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If you itemize deductions on your federal income tax, you’re probably aware that you can write off some of the expenses of using your car (1) to conduct business, (2) to move or to take care of medical needs, and (3) to do charitable work. But if you’re filing on the late side this year, you might be in for a surprise; two of the three deductible mileage rates for 2016 have declined.

The business mileage rate has decreased by 3.5 cents per mile (from 57.5 cents/mile to 54 cents/mile), while the rate for medical and moving expenses has decline by 4 cents per mile (from 23 cents/mile to 19 cents/mile). Only the rate for charitable mileage has stayed the same, holding at 14 cents/mile, an amount that is set by law, unlike the business and medical/moving rates, which are adjusted annually for inflation.

That might not sound like much, but if you’ve been budgeting carefully based on previous rates, you may find yourself dealing with a shortfall.

Deducting business mileage

When considering business mileage, you are entitled to deduct the mileage used driving from your main place of business to other business locales as part of your job or business. You cannot deduct your commute from home to work.

When you use your own vehicle to drive for your job, you actually have two options for how to compute the tax deduction. One is to keep track of the miles you drive for work and multiply those by the allowed mileage amount (note that you actually need to maintain a detailed log, in case you are audited). The other choice is to track all of your vehicle’s expenses (gas, interest payments, repairs, tolls, etc.) and total them. Then determine what percentage of the time the vehicle is used for business and multiply the total expenses by the percentage. Most people prefer to take the straight mileage deduction.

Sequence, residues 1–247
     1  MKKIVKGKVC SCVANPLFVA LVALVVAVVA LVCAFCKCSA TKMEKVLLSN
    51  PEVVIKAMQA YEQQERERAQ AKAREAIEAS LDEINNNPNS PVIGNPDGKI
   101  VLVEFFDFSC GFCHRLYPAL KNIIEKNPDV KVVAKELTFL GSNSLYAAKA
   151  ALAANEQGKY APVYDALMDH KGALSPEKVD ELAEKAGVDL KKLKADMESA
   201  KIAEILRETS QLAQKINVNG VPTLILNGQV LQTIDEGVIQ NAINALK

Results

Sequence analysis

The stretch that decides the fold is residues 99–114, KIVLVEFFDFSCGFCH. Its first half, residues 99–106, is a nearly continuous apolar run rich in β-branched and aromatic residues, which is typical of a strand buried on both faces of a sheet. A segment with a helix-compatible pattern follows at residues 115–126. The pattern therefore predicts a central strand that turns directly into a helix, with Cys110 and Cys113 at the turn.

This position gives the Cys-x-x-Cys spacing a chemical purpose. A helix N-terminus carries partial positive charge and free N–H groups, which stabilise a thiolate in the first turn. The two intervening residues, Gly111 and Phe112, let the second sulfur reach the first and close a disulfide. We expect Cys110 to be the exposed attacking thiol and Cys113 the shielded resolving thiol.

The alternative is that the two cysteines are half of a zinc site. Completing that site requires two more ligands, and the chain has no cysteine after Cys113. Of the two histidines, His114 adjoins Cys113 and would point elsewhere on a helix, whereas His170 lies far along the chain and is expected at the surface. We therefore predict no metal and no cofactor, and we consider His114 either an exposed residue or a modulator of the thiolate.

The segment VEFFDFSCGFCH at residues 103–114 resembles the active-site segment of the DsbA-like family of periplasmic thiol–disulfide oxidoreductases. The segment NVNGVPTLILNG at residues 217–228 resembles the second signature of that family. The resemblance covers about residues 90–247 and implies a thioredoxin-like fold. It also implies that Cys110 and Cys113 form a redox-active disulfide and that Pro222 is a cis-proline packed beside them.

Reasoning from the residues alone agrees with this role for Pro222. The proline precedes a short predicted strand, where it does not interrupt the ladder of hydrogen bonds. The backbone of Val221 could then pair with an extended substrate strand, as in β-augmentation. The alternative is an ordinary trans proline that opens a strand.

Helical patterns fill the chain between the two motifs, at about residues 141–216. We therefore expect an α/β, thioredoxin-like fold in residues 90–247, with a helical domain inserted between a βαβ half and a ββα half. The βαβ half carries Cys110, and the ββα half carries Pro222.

Deducting charity miles

When you drive a donation to a charity or you volunteer your time at a charity that is recognized by the IRS, you can deduct the mileage used to drive to and from the charity or for any driving you did for the charity (such as transporting some brochures to another office).

Deducting medical and moving miles

Mileage you’ve racked up driving to medical appointments and procedures and to pick up prescriptions is deductible, but only if your total medical costs for the year exceed 10 percent of your adjusted gross income (the threshold is 7.5 percent if you or your spouse—if you file jointly—are over age 65). You can deduct your mileage for moving if you relocated because of your job.

What’s with the decrease in the business mileage reimbursement rate?

The decrease is not surprising since gasoline prices are down. The IRS determines its mileage rates by studying the annual costs of operating and maintaining a car, and since gas prices are lower, so is the overall cost of driving. If gas prices go up, you can expect the mileage reimbursement rate to increase the next year.

Impact of the rate decrease on small business

The rate decrease means different things for different types of small businesses. For sole proprietors, it is not good news. At the end of the day, you will have a smaller business mileage deduction to take on your taxes (although your gasoline costs should be down). For small business owners with employees, however, the decrease is a small piece of good news. If you have employees who use their vehicles for business purposes and you reimburse them for their mileage at the IRS rate, you’ll be shelling out less.

Regardless, it’s long past time for business owners to get going on taxes, so file ASAP, and go here for more advice on taxes or anything else related to your business.